ers and administrators must
also become aware of their
own prejudices. It's natural to
have prejudices, Teitelbaum
Lewis Kapner
and child support.
Also elected during the
annual meeting of the Florida
Chapter of the Academy of
Matrimonial Lawyers were:
Donald Sasser, President
Elect; Maurice Kutner and
Marsha Elser, Vice President;
and Robert Fields, Secretary
Treasurer.
Arthur N. Teitelbaum
assured them. But, he said,
there is a difference between
having a prejudice and recog-
nizing it than acting on it so
that it becomes discrimination.
Failure to grasp such sensit-
ivities can, in its worst form,
lead to major tragedies such as
the Holocaust. He showed a
film about Skinheads, which
reveals youths of the 1980s
calling for a pure Anglo nation
and the suppression through
violence of groups such as
Jews and blacks.
These youth movements
feed on violence, hatred and
misunderstanding and the
youths themselves are targets
of recruitment by such estab-
lished hate groups as the
Aryan Nation and the Ku Klux
Klan.
Teitelbaum stressed the
importance of two Florida
laws that went into effect Oct.
1 the toughest measures of
their kind in the nation
which require law enforcement
agencies to report "Hate
Crimes." The laws have set
tougher penalties and legal
recourse against persons
whose crimes involve religious
or racial motives.
The World of Difference pro-
gram was initiated by the ADL
in 1985 as a national public
service campaign. It is now in
15 metropolitan communities
around the country, and
involve? coalition of agen-
cies, schocis and the media.
The program has resulted in
an extensive audio-visual
library which is available to
interested public and private
school groups by calling the
ADL at 373-4605.
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Page 6 The Jewish Floridian of Palm Beach County/Friday, November 3, 1989
News Briefs
IDF Wants Tax Strike Ended
JERUSALEM (JTA) The Israel Defense Force
appears bent on breaking down of the few non-violent
manifestations of the intifada.
A priority mission now is putting an end to a tax strike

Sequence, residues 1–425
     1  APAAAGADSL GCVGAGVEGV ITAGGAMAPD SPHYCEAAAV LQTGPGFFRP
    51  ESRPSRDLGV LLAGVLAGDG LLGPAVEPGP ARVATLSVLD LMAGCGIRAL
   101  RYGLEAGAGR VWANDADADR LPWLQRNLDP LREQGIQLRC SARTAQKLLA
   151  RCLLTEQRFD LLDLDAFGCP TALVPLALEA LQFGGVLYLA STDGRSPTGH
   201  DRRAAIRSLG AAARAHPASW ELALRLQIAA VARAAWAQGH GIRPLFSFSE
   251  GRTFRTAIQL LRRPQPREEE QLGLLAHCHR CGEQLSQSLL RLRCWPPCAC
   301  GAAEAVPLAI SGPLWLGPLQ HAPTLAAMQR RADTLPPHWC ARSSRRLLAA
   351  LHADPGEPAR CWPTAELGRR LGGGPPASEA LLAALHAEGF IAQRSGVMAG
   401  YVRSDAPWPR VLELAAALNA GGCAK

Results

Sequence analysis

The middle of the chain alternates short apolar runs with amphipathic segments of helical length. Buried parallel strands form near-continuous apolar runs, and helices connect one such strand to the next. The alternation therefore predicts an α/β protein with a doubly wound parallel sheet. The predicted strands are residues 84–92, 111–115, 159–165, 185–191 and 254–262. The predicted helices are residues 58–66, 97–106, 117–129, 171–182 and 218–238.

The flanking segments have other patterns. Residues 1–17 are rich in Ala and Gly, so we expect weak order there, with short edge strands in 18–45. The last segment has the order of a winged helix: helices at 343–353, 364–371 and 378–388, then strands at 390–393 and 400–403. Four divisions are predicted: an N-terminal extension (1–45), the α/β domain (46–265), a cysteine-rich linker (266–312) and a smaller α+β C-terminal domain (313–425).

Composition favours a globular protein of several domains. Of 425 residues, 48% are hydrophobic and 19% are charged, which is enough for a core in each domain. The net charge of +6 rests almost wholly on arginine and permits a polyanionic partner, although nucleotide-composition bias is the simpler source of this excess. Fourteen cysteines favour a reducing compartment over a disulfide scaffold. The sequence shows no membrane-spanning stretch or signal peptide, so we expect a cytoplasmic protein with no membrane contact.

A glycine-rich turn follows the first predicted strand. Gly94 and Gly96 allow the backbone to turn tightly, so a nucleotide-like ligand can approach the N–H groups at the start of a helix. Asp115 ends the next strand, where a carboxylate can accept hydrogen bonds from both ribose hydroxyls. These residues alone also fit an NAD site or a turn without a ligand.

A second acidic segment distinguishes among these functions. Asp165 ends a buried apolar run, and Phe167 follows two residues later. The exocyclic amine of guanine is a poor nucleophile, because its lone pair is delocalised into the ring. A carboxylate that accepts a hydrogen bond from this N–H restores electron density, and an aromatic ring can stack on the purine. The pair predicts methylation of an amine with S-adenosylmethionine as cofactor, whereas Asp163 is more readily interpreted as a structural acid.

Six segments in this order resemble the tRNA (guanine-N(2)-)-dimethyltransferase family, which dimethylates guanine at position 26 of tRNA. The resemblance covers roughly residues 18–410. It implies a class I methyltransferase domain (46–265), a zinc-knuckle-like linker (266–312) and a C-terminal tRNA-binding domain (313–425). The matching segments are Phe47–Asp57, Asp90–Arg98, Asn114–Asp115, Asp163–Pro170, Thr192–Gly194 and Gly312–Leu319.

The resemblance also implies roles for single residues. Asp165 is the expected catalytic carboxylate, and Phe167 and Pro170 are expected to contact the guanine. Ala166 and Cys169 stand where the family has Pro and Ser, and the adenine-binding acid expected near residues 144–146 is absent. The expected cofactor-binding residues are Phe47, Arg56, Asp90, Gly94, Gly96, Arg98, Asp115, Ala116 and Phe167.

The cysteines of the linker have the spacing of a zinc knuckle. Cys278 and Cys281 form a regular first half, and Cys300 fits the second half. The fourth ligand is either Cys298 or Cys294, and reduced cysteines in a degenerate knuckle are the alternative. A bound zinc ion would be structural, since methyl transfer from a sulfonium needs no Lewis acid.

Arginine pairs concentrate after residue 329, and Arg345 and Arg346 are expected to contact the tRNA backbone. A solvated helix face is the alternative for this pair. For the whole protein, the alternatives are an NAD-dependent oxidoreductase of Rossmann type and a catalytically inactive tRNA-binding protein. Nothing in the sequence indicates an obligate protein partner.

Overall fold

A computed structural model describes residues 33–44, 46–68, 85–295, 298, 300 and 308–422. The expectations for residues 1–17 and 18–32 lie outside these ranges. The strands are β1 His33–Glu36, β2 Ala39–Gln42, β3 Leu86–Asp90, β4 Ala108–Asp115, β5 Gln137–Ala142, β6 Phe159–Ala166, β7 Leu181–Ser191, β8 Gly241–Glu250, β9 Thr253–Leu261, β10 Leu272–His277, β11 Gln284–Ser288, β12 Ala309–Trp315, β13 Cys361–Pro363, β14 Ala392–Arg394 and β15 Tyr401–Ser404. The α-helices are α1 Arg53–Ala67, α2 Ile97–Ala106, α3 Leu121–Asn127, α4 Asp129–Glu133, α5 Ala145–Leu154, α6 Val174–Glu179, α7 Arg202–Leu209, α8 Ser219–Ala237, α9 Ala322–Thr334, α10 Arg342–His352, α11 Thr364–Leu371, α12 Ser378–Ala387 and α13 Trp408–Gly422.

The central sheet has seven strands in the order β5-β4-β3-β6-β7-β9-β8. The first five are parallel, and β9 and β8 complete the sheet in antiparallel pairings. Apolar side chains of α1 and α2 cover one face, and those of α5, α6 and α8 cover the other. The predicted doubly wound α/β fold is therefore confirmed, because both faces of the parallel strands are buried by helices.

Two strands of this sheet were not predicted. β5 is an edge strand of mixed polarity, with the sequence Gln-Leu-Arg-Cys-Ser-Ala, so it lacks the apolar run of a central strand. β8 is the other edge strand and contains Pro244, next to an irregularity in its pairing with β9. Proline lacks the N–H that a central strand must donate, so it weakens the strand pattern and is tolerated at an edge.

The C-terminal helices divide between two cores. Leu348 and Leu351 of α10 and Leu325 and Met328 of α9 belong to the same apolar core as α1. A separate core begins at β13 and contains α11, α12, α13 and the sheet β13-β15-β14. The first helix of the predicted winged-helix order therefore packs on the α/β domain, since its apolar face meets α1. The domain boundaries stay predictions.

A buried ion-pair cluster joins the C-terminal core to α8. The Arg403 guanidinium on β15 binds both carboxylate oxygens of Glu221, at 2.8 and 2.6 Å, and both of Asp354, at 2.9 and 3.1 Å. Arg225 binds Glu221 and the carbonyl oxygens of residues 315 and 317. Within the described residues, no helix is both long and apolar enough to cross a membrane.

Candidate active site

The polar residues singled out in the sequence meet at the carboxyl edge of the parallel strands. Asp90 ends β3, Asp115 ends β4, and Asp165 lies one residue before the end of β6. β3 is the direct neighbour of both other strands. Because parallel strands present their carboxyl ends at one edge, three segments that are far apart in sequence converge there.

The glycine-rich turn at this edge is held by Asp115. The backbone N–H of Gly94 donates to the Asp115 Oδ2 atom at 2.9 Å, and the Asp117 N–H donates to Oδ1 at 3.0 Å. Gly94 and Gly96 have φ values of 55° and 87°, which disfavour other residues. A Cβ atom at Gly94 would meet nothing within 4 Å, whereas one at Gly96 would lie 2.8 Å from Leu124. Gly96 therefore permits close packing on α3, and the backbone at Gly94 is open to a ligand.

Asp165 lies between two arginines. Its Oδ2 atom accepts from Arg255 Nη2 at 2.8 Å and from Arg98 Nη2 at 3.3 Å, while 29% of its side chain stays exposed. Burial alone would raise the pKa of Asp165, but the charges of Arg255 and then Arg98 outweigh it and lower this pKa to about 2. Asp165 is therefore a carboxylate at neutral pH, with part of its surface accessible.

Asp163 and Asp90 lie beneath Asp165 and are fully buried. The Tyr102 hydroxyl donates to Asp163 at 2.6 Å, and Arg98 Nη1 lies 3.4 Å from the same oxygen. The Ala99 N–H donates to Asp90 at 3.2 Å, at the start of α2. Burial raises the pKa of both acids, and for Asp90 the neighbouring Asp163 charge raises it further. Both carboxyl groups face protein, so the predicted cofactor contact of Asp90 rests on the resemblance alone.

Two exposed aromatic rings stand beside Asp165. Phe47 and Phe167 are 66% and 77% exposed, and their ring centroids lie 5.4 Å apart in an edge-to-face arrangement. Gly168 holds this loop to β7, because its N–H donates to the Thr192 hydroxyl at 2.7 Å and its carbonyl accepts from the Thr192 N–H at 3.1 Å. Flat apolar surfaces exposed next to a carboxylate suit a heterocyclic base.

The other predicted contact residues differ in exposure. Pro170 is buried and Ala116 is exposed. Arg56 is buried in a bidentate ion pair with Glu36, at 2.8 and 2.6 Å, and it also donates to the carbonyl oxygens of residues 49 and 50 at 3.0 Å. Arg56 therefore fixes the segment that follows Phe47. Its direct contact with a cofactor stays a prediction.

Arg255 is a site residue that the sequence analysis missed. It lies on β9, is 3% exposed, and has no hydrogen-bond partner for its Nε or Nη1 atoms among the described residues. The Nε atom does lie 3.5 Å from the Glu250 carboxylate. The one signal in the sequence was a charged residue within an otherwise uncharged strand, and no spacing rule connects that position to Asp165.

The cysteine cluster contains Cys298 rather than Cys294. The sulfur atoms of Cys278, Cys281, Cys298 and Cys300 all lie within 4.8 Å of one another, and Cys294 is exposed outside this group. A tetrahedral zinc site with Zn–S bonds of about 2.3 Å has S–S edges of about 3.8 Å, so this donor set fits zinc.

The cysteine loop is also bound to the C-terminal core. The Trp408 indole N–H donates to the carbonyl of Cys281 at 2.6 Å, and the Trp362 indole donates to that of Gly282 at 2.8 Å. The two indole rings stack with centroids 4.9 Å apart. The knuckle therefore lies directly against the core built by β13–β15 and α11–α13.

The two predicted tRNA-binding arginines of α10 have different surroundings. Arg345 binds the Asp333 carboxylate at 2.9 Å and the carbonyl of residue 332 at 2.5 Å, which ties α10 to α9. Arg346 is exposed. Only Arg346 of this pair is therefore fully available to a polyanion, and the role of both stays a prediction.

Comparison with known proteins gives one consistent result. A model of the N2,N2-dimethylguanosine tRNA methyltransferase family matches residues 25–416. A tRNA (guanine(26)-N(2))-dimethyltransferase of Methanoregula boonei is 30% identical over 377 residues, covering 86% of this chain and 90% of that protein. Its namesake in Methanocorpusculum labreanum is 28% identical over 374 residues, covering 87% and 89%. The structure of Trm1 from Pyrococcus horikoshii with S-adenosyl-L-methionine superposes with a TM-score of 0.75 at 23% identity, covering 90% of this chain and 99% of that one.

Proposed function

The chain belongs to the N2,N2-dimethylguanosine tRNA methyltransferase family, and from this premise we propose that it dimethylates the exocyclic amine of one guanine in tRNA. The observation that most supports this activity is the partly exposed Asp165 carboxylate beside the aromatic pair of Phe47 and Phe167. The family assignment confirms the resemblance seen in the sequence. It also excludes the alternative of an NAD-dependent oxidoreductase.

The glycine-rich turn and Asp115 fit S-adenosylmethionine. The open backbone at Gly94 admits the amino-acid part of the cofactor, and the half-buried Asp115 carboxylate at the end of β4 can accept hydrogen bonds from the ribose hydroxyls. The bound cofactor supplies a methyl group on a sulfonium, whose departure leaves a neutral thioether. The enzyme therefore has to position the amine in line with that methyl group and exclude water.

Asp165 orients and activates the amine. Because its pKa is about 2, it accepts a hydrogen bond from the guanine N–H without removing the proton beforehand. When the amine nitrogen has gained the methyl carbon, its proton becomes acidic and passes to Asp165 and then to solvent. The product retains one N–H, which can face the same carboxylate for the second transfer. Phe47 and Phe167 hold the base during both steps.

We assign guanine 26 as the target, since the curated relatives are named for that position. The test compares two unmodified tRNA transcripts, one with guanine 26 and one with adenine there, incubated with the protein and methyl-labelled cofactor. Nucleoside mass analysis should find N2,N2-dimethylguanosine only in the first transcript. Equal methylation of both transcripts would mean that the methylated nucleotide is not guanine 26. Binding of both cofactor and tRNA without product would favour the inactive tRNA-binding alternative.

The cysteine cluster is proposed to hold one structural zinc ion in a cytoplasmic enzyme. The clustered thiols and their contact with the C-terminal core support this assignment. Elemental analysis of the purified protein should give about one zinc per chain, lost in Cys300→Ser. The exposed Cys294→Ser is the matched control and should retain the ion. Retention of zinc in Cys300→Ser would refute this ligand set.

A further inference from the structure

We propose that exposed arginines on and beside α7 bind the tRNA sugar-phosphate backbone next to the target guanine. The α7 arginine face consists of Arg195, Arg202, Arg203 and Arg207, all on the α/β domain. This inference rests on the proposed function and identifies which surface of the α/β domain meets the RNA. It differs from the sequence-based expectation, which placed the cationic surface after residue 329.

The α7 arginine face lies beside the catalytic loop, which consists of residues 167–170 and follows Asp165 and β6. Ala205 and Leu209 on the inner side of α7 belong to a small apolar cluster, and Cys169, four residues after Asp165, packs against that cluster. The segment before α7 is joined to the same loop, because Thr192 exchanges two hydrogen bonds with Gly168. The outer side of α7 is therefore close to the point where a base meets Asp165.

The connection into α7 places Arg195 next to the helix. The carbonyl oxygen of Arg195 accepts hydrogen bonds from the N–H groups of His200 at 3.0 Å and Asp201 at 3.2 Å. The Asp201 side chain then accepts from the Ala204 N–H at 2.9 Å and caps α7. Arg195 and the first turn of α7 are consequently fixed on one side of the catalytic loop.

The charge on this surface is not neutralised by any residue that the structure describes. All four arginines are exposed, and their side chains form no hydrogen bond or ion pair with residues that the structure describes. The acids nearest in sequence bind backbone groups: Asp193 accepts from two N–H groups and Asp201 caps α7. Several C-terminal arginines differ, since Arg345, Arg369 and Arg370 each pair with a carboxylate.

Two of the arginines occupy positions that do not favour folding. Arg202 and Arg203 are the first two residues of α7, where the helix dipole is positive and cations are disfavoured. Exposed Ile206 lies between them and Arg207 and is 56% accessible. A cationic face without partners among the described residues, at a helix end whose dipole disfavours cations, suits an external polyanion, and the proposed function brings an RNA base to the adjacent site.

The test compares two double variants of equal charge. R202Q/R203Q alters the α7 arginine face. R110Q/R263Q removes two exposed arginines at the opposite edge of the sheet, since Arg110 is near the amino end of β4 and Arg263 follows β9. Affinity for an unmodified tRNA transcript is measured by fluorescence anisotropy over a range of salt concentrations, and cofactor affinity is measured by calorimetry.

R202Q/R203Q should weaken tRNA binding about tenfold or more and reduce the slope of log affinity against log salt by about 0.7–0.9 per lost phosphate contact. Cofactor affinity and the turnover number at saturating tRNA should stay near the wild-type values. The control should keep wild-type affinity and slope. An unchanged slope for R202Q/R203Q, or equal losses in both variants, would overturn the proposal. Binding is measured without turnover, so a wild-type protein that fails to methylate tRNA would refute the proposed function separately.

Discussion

being staged by residents of the largely Arab-Christian
town of Beit Sahur in the West Bank.
The strike, which has gone on for more than a month
now, is challenging Israeli authority in the territory and
depriving the Treasury of legitimate revenue.
Congress Ask For Arm Sales
WASHINGTON (JTA) Thirty-seven members of the
House of Representatives signed a letter sent to Secretary
of State James Baker asking for more information on the
Bush administration's proposed $3 billion sale to Saudi
Arabia of 315 tanks and other military equipment. The
letter, initiated by Reps. Mel Levine (D-Calif.) and
Lawrence Smith (D-Fla.), was described by a Capitol Hill
source as "moderate."
American-Arab Poster Campaign
WASHINGTON (JTA) Citing a sharp decline in media
coverage of the Palestinian uprising, the American-Arab
Anti-Discrimination Committee has revived its poster
campaign in the Washington-area subway system.
Egypt: PLO Has Not Rejected Plan
WASHINGTON (JTA) Egypt believes that the Pales-
tinian Liberation Organization has not rejected Israel's
plan for Palestinian elections in the West Bank and Gaza
Strip, an Egyptian Embassy official said here.
Ask Congress For Pollards Support
NEW YORK (JTA) Two members of the Israeli Knesset
are trying to get Congress involved in re-evaluating
whether Jonathan and Anne Pollard received justice when
they were sent to prison respectively for espionage and
illegal possession of classified documents.
Yiddishist, Dov Sadan, Dies At 87
JERUSALEM (JTA) Funeral services were held here
for Dov Sadan, Israel's leading academic Yiddishist and an
outstanding Hebrew scholar who died recently at the age of
87.
Mother Of Hadassah President Dies
NEW YORK (JTA)- Batia Efros, a Jewish educator and
mother of the national president of Hadassah, died after a
brief illness Oct. 13 at a Long Island Hospital.
Efros, born in Jerusalem, was a member of the first
graduating class of the Hebrew University.
Her daughter, Carmela Efros Kalmanson, was elected
president of Hadassah, the Women's Zionist Organization
of America, in 1988.
Uris Finds USSR Unpleasant
NEW YORK The celebrated novelist Leon Uris is
winding up a three-city lecture tour of the Soviet Union
that he describes as having "quite a bit of unpleasantness
surrounding it."
"I think when we get out of the Soviet Union, we have to
take a long, second look at what has happened," Uris said.
Air France-Israel Tourism Agreements
The Israel Minister of Tourism, Gideon Patt, joined with
Air France and Jet Vacation officials to mark the launching
of bi-lateral agreements increasing tourism between
France and Israel.
Poland-Israel Could Restore Ties
ROME (JTA) The leader of Poland's first non-
Communist government since World War II has affirmed
here that Poland will re-establish diplomatic relations with
Israel, though he could not say exactly when.
Prime Minister Tadeusz Mazowiecki, on his first trip
abroad since taking office, told a news conference that such
a move was definitely expected.
Community Reimbursements Requested
Washington ... Congressman Dante Fascell (D-Fla) has